Cycling commentator and former professional racer Paul Sherwen, has died aged 62, it was confirmed on Sunday.
Sherwen was a professional rider from 1978 until 1987, racing the Tour de France seven times and taking two British national titles in his career.
He became a household name to cycling fans after moving into broadcasting, first on Channel 4's Tour de France coverage, where he commentated alongside Phil Liggett for the first time. He later moved to work for NBC Sports in America as well as SBS in Australia, but stayed alongside Liggett, with the pair commentating on 33 editions of the Tour together.
Sherwen died in Kampala, Uganda, where he made his home for much of his life. A huge number of tributes have been paid in the short time since the announcement of his death, with the whole cycling community shocked to lose one of the most popular voices in the sport.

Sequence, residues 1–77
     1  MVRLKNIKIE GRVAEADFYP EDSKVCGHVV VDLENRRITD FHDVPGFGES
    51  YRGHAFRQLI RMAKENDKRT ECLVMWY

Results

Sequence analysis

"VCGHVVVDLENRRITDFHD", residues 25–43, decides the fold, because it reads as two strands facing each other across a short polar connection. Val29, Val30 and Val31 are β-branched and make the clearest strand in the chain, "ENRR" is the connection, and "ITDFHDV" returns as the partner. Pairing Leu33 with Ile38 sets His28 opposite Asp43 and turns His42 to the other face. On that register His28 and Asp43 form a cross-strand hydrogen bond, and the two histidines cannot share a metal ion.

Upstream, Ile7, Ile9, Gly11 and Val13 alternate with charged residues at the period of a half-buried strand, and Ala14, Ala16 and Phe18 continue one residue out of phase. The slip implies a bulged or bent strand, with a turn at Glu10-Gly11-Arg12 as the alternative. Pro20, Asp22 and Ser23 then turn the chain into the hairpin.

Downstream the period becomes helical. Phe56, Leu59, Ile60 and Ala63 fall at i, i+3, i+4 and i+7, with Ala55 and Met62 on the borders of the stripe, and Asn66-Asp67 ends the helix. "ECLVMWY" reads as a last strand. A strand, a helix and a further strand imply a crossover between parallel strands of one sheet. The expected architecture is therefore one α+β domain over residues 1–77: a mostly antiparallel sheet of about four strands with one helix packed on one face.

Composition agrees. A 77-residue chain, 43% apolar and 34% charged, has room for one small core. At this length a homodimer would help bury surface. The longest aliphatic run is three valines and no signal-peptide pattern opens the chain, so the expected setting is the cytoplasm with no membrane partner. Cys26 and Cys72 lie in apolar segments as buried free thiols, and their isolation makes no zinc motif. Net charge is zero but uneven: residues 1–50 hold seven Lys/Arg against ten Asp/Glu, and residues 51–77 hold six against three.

British Cycling said in a statement: “We were truly saddened by the news of the passing of Paul Sherwen. A former national champion and a great voice of our sport, our thoughts are with his family and friends at this time.”
“Paul was synonymous with the Tour de France in the US and will be greatly missed by his legions of fans and the NBC Sports family, which was honored to be part of Paul’s 40th Tour last July,” NBC Sports said in a statement.
Richard began working with Cycling Weekly in 2013 alongside the then web editor, Nigel Wynn. Taking over as digital editor or Cycling Weekly and mbr in 2014, Richard coordinates site content and strategy with the team.
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